World Game, sometimes called the World Peace Game, is an educational simulation developed by Buckminster Fuller in 1961 to help create solutions to overpopulation and the uneven distribution of global resources. This alternative to war games uses Fuller's Dymaxion map and requires a group of players to cooperatively solve a set of metaphorical scenarios, thus challenging the dominant nation-state perspective with a more holistic "total world" view. The idea was to "make the world work for 100% of humanity in the shortest possible time through spontaneous cooperation without ecological damage or disadvantage to anyone," thus increasing the quality of life for all people.
History and use
Fuller first publicly proposed the concept as the core curriculum at the (then new) Southern Illinois University Edwardsville. He proposed it again in 1964 for the 1967 International and Universal Exposition in Montreal, Quebec.
In a preamble to World Game documents released in 1970, Fuller identified it very closely with his 'Guinea Pig 'B' experiment' and his 'Comprehensive Anticipatory Design Science' lifework. He claimed intellectual property rights as well to control what he considered to be misapplication of his idea by others. He also claimed he had been playing it 'longhand' without the assistance of computers since 1927.
In 1980, the World Game Institute and the World Resources Inventory published the World Energy Data Sheet. The World Energy Data Sheet compiled a nation by nation summary of energy production, resources, and consumption. The information was compiled in tables and map formats. The project was researched by Seth Snyder and overseen by Medard Gabel. The work was used during a World Game (Philadelphia, summer 1980).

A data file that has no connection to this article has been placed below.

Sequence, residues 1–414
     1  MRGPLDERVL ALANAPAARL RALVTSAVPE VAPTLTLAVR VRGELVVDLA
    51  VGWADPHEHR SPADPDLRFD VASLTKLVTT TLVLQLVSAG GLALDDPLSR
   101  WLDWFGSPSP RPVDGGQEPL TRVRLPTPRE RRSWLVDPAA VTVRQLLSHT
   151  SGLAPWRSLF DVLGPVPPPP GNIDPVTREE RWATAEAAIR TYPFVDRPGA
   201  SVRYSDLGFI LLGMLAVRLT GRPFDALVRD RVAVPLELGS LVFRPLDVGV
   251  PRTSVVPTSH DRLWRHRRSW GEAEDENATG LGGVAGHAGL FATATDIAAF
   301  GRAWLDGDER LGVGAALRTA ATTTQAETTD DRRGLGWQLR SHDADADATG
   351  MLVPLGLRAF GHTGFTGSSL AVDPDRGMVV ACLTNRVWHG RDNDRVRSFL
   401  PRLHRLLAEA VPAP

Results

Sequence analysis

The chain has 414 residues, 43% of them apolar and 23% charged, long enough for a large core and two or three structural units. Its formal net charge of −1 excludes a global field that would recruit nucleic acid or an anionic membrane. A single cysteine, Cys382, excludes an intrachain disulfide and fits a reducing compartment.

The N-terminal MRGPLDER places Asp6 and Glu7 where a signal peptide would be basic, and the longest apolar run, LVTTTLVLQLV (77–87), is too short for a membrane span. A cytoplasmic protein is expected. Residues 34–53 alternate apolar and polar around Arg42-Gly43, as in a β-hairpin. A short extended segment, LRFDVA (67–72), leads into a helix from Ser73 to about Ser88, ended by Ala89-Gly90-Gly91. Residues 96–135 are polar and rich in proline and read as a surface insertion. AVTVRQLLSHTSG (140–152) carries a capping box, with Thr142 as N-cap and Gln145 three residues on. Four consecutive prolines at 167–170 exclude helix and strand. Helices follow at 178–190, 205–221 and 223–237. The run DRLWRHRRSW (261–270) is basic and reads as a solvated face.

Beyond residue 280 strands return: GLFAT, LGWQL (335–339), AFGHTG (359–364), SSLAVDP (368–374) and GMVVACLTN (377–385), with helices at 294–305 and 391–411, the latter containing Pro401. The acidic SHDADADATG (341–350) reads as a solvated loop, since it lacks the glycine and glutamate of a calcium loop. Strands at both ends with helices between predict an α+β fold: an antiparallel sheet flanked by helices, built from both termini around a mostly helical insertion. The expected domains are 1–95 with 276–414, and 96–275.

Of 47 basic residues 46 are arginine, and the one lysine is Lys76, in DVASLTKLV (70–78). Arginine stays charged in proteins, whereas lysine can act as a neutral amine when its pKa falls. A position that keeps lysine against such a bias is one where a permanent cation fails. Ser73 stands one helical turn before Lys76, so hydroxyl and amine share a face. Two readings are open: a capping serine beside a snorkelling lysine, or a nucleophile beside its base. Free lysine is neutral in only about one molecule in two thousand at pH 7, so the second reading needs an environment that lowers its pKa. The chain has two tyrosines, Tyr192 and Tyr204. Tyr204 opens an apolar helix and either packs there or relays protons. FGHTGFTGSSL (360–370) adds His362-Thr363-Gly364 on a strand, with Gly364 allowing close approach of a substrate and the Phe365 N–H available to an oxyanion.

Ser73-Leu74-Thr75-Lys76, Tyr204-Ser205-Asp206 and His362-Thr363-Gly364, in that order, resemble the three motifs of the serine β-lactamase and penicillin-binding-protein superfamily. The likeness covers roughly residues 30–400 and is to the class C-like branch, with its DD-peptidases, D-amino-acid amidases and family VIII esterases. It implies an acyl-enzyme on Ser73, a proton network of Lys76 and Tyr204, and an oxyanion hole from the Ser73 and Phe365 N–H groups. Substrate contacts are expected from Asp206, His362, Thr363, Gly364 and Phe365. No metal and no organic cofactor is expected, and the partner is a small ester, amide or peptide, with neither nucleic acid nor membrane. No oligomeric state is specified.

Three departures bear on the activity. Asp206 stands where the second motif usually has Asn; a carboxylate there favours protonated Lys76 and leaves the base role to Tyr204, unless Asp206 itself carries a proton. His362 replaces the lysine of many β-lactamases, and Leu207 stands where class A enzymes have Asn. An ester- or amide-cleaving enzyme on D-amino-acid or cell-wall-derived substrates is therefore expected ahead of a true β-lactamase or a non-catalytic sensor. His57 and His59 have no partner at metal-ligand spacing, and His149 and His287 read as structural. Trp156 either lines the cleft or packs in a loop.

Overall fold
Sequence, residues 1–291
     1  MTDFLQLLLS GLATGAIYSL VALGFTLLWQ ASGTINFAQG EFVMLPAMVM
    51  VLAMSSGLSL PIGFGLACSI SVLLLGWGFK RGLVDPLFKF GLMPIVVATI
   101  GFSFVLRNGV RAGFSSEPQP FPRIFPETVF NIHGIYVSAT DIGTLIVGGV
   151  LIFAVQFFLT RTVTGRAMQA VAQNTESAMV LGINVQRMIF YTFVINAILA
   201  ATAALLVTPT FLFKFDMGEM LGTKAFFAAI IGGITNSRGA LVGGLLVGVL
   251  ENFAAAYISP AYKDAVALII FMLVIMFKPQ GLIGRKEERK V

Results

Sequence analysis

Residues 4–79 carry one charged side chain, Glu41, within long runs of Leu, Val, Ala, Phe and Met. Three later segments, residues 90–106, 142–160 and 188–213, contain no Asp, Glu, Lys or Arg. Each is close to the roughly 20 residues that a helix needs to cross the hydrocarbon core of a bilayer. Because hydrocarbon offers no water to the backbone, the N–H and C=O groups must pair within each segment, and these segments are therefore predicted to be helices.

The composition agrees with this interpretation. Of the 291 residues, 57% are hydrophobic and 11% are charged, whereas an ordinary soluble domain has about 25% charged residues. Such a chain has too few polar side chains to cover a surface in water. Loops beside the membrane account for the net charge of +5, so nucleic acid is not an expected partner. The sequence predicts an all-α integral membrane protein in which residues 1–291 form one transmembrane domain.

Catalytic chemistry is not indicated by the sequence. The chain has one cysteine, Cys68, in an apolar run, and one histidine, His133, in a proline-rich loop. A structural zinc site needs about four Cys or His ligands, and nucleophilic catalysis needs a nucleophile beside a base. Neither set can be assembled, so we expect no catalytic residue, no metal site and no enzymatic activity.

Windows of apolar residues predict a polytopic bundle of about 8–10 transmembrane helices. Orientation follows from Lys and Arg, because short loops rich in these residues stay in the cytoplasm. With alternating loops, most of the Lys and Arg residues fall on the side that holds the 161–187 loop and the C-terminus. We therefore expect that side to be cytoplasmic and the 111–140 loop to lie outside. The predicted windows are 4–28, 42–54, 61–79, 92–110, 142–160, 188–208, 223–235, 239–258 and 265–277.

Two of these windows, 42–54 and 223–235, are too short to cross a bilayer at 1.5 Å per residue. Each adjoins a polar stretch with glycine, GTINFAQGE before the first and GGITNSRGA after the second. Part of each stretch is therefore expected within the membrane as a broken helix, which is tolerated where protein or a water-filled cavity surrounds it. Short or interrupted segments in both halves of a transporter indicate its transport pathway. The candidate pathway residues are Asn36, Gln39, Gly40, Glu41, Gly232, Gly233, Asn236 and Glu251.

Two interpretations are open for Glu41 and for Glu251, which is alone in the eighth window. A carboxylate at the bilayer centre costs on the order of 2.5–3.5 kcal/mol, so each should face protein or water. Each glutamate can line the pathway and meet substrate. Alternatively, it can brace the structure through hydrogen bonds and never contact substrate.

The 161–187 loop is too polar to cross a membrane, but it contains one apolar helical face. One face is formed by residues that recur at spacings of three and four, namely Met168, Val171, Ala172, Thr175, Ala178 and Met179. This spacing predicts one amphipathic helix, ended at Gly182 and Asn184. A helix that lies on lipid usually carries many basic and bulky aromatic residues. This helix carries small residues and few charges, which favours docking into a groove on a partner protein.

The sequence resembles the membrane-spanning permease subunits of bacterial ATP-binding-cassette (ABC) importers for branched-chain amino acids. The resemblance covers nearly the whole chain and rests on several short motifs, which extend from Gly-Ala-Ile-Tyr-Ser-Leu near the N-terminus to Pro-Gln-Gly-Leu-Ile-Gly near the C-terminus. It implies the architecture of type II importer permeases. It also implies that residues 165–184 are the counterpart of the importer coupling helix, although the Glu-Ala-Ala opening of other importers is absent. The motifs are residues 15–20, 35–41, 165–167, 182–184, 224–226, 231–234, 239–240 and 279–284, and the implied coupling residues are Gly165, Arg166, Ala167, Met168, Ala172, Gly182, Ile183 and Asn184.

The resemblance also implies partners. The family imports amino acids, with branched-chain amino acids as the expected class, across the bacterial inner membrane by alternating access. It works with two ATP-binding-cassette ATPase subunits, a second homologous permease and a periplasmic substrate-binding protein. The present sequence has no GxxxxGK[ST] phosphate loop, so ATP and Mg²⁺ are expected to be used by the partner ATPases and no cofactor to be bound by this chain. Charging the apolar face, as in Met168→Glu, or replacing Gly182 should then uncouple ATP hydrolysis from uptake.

By 1993, the World Game Institute developed and sold an educational software package called Global Recall, which contained global data, maps, an encyclopedia of world problems, and tools for developing solutions to world problems. The package was a computer-based simulation game intended for use by high school and college students in learning about world problems and how to solve them.
In 2001, a for-profit educational company named o.s. Earth, Inc. purchased the principal assets of the World Game Institute and has been offering a Global Simulation Workshop that is a 'direct descendant of Buckminster Fuller's famous World Game.'
In popular culture
David Foster Wallace described a version of the World Game called Eschaton in his novel, Infinite Jest. Played on four contiguous tennis courts, players represent countries and simulate the end of the world using tennis balls as nuclear missiles.
- "World Game". Buckminster Fuller Institute. Retrieved 19 January 2014.
- World Game article at the Buckminster Fuller Institute Website
- Vitez, Michael (May 20, 1993). "Software Provides Opportunity To Think Globally The World Game Institute Has Put Its Ideas On Computer Disk". The Philadelphia Inquirer. Retrieved 19 January 2014.
- o.s.Earth Inc.
- World Game Series: Document One
- Global Simulation Workshop (Commercial)
- Buckminster Fuller Challenge
- Global Energy Network Institute
- An interview article with some statements by Bucky about The World Game
- Chu, Hsiao-Yun and Roberto Trujillo. New Views on R. Buckminster Fuller. (Stanford, CA; Stanford University Press, 2009) ISBN 0-8047-6279-1